With a year to the opening ceremony, opinion is divided among locals living and working in the shadow of the Olympic stadium. There are those who believe they are being pushed out of the area, others who feel they are being hidden and more who declare that life as they know it is being killed off.
Either way, finding a resident who is enthusiastic about the "greatest show on earth" is like searching for a pin in a long-jump pit.
The juxtaposition of old and new is most evident near the gleaming tower of the recently erected Westfield centre in Stratford. Over the road is the more tired looking Stratford Shopping Centre, where a bargain basement market fills the central aisle. "They want to turf us out. We have been here since year dot. It is disgusting," said Philippa Harvey as she served customers at a tie-dye dress stall. Many stall owners fear they will be removed for the great games to make way for the visitors.
"They want to tart the area up while hiding us. I can't see they have the right to take our livelihoods," explained Mrs Harvey, who has worked on the market for 30 years.
"Waste of money," was 20-year-old Steve Warren's blunt verdict as his brother Kenny, 18, and friend Billy Hughes, 19, nodded in agreement.
The pair explained they had managed to gain a carpentry apprenticeship on the Olympic site but it had ended after three months.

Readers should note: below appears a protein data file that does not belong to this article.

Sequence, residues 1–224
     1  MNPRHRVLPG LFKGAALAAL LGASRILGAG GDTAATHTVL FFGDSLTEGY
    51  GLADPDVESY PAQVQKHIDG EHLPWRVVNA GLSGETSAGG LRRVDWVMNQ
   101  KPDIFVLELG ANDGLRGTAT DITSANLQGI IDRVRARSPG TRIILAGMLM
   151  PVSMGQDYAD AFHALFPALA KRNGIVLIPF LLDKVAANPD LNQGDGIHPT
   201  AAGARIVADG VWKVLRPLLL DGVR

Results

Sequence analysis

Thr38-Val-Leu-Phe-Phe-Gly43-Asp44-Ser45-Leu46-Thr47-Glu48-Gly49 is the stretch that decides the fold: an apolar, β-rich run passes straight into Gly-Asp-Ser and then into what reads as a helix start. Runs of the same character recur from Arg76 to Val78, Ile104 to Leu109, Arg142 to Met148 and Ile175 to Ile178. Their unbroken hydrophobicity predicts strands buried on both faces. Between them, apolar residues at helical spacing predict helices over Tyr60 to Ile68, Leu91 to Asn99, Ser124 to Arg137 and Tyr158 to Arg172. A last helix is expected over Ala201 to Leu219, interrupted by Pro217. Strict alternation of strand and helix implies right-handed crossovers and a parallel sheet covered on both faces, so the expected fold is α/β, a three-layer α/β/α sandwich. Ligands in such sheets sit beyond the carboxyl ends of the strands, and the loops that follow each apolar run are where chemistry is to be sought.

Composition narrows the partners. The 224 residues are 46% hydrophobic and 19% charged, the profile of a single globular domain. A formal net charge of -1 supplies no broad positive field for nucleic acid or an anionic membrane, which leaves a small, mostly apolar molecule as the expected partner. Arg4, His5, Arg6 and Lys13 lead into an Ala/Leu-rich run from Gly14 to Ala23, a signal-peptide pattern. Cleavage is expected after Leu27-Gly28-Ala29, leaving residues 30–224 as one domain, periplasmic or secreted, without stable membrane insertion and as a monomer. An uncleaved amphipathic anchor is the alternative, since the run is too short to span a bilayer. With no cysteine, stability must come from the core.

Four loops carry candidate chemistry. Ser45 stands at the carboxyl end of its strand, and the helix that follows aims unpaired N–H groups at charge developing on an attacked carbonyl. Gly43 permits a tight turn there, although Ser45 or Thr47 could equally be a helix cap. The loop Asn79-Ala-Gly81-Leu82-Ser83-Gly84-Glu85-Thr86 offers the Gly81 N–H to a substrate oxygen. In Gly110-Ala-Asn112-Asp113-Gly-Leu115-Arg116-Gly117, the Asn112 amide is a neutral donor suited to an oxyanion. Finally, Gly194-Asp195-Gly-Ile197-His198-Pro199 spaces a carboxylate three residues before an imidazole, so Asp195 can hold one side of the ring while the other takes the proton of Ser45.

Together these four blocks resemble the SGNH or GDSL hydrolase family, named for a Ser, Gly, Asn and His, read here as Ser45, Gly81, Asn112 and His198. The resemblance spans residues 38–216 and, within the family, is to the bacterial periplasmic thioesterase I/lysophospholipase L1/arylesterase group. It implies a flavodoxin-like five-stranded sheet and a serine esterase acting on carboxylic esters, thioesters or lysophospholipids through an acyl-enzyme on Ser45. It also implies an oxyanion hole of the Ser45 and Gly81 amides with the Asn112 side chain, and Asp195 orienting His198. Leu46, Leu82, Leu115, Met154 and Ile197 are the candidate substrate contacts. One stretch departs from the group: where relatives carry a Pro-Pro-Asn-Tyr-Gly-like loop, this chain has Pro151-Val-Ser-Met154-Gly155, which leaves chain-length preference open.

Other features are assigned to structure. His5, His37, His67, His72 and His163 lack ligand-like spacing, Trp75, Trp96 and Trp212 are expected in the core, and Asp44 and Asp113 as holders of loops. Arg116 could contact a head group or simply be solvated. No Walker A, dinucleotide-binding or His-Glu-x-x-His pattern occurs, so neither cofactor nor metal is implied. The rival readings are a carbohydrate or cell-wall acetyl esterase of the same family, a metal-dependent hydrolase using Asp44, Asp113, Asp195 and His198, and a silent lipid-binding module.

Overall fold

"The work was nearly finished so we only got half our apprenticeship. Now there is no way we can finish it. We can't get work because we aren't qualified. It is terrible," said Mr Hughes.
Market trader Yilmaz Ugurel, 66, was a lone voice of optimism. "It should make the area better," he said. "Lots of people will come to the expensive shops. There is going to be more available, like housing."
"I don't know one working-class person in East London who has applied (for tickets). They can't afford it," said shirt seller Norman Williams, 62.
A short train ride to Hackney Wick takes you past the gleaming white Olympic stadium, which contrasts with the surrounding graffiti-covered and derelict industrial units.
"You can see what it has done for this area, it has killed it off," said one worker at a stone yard.
Nearby at Griddlers café Rosie Avietti explained angrily how it had destroyed most of her trade after local businesses were closed through compulsory purchase orders.
The Olympic Delivery Authority responded: "East London has seen a transformation in just a few years, which otherwise would have taken generations. A new urban park stands on land which was contaminated; waterways have been revitalised; transport links improved; a new retail centre has been built, bringing jobs and investment. After 2012, the Athletes' Village will become a new community. There will also be sporting facilities which will benefit Londoners for years to come."